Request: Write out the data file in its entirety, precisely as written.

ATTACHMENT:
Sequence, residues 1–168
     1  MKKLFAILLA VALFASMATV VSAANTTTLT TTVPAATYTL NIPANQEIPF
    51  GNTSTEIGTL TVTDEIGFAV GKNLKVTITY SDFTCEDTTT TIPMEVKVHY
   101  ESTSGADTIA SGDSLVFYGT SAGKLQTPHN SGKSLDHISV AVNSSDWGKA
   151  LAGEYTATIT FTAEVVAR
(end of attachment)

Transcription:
Sequence, residues 1–168
     1  MKKLFAILLA VALFASMATV VSAANTTTLT TTVPAATYTL NIPANQEIPF
    51  GNTSTEIGTL TVTDEIGFAV GKNLKVTITY SDFTCEDTTT TIPMEVKVHY
   101  ESTSGADTIA SGDSLVFYGT SAGKLQTPHN SGKSLDHISV AVNSSDWGKA
   151  LAGEYTATIT FTAEVVAR